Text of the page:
However, police confirmed he was there that night to be part of the protest. And then in April, the same cycle began all over again after the death of Freddie Gray.
Two weeks of looting, vandalism, arson, and bricks and rocks thrown at police in riot gear resulted in injured officers, some of whom were hospitalized. In Ferguson, three people were shot during protests, and some individuals threw rocks at police and police cars.
In Denver, 11 out of a crowd of were arrested for misdemeanors—plus one individual who was charged with assault for knocking a policeman off his motorcycle. In Philadelphia, a crowd of a few hundred skirmished with police who were trying to keep them from blocking a highway.
In New York, there was some bottle throwing and attempts to block streets which resulted in the NYPD making arrests. Other protests of a few dozen to a couple hundred people in Cincinnati, Washington, and Chicago remained peaceful and resulted in few arrests.Someone recently said that mass shootings, such as those at Virginia Tech and Columbine High School, are largely a phenomenon of the s and afterward.
During the s civil rights era, this city along the Mississippi River stayed calm — even as Baltimore, Chicago, Detroit and Washington all burned. In , after summertime riots in. In the ’s there were a series of shootings and riots on a massive scale that the police at the time were unable to handle.
One famous example is Charles Whitman who started shooting people at the University of Texas for 96 minutes killing 14 people (Source E). During the turbulent s, a variety of social and legal forces renewed interest in police reform.
|References||Home The 7 Biggest College Riots of All-Time Over the past few decades, the three things that have been typically associated with the outbreak of a riot in the U.|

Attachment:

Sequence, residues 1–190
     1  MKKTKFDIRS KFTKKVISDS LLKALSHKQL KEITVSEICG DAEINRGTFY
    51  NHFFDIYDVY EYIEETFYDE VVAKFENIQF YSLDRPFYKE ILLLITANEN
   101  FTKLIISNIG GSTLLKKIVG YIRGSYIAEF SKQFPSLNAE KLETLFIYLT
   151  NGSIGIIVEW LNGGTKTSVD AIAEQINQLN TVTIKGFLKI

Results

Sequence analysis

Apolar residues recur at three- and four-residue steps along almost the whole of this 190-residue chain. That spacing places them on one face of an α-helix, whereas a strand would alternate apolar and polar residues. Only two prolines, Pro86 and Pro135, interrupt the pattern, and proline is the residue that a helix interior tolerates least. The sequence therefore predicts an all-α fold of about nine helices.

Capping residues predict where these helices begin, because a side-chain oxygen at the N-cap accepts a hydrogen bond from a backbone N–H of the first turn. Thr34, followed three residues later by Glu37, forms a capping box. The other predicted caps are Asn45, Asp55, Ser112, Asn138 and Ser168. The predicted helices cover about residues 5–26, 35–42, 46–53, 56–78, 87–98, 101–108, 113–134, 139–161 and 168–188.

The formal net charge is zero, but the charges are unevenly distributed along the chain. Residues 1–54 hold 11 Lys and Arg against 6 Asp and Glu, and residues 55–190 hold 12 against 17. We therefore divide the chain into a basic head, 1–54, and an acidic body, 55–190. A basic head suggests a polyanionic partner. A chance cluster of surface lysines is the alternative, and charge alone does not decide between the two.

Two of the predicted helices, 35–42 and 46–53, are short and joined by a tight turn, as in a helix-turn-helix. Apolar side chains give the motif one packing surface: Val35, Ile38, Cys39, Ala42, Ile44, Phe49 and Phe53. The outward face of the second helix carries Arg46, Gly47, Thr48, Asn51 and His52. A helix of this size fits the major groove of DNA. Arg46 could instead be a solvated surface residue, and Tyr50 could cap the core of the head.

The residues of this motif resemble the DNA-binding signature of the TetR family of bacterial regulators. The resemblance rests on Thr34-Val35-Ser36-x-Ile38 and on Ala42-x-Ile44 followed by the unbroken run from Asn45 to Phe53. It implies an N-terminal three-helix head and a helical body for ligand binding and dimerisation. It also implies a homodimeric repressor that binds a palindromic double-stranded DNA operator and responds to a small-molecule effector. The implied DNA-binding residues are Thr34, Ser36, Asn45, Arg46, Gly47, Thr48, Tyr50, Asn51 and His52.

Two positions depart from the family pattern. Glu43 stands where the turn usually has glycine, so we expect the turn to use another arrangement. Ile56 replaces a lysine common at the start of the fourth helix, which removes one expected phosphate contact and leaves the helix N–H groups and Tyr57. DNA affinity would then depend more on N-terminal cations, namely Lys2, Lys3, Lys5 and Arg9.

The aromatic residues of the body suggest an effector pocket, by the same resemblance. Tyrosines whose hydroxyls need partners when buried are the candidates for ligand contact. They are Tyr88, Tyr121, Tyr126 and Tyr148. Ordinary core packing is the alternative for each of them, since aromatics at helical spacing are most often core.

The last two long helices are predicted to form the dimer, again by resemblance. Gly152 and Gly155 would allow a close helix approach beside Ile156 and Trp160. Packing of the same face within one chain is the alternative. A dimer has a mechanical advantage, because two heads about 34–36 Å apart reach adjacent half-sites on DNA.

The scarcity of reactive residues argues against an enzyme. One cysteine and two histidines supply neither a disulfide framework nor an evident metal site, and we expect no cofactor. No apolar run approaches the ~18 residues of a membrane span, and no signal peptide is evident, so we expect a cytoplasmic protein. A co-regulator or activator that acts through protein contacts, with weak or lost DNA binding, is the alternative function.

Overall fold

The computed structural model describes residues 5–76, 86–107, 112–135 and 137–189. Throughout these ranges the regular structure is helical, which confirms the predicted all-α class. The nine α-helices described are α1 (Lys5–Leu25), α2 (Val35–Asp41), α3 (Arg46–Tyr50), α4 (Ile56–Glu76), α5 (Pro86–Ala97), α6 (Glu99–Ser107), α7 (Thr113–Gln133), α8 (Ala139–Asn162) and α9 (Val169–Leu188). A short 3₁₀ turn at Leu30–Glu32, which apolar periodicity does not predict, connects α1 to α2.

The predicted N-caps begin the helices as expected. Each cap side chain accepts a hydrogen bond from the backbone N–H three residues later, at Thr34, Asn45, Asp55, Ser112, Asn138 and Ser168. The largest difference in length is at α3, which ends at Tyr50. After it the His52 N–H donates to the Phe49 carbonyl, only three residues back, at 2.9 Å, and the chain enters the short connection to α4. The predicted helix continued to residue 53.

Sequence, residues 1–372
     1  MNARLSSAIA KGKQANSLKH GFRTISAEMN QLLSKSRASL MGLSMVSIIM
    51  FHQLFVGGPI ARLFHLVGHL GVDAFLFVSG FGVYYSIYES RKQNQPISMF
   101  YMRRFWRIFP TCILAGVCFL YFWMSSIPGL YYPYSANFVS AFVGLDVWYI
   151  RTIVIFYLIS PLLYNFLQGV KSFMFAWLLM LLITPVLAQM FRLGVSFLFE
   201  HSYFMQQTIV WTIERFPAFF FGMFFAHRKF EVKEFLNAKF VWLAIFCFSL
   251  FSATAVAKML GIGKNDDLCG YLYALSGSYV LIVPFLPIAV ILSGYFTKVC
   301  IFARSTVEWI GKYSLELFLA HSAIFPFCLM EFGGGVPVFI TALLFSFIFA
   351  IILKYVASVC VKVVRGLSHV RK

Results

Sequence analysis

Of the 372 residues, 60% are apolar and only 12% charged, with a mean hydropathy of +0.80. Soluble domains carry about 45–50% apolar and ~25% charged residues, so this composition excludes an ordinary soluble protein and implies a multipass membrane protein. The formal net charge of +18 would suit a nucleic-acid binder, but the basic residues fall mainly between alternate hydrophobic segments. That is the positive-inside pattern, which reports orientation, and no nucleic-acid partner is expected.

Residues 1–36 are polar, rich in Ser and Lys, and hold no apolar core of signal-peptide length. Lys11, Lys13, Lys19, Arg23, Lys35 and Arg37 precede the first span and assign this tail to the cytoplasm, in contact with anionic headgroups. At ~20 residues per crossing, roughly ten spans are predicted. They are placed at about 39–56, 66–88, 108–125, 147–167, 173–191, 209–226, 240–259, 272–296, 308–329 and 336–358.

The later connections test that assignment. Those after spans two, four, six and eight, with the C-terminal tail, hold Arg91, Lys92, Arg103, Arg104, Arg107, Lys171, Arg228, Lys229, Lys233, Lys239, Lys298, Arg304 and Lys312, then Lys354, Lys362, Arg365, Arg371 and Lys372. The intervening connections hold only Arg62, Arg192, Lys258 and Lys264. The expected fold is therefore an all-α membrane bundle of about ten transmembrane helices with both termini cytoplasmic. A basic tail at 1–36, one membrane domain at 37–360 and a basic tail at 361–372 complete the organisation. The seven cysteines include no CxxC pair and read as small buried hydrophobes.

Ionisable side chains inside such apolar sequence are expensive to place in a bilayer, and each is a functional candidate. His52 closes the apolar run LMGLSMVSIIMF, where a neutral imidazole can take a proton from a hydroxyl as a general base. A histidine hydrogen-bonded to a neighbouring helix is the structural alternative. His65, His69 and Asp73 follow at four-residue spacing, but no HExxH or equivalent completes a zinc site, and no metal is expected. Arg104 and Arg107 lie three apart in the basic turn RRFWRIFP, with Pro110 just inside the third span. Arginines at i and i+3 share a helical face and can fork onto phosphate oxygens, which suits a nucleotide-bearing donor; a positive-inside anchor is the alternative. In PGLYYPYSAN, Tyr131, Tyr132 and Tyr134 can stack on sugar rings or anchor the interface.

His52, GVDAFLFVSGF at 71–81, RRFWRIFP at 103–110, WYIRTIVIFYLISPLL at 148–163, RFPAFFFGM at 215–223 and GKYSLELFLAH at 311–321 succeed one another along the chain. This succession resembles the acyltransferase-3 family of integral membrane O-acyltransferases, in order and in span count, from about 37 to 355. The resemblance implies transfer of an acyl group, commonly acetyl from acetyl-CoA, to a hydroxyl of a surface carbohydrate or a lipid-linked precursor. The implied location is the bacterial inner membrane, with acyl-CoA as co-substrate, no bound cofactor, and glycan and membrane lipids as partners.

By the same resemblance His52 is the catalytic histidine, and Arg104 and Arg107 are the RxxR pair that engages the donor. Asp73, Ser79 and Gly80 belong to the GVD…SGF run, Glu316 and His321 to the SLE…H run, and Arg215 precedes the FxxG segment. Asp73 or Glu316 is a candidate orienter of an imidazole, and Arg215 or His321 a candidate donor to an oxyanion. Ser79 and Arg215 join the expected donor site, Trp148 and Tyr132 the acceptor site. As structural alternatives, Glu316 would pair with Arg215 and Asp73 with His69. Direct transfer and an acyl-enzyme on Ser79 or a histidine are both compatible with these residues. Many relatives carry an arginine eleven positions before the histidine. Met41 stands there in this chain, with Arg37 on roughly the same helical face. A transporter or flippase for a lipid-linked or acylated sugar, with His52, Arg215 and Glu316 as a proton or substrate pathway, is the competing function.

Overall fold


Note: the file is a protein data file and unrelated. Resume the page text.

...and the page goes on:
|The Friday Cover||Are today's mass shootings a consequence of '60s collective guilt?|
|Black rage, that hottest of political commodities, was back! The subsequent post-riot drill, perfected over the last four decades, unfolded without flaw:|
|Santa Cruz, California — Oakland protest riot, Nov. Demonstrators blocked the bridge and more than people were arrested.|
|In the seven years following the Rochester riots, more than race riots erupted in numerous American cities, leaving over dead, injuring nearly 13, and leaving many African American urban neighborhoods in ruins. Read the timeline below to trace key moments in the Rochester Riots and other race riots that erupted in African American neighborhoods during the s.|
Racism and the police. To many residents living in the U.S. in the s, the police symbolized a society that denied black citizens equal justice. The Big Idea. Mass Shootings Are the Systemic Crisis Of Our Time.
Gun violence is more frequent and far deadlier than the riots of the s. So why aren’t we treating it with the same seriousness? Vox has published a new defense of the Black Lives Matter movement which argues that, aside from a few riots, the group is “largely peaceful.” The piece by German Lopez compares Black Lives Matter to the protest movement of the s led by Martin Luther King.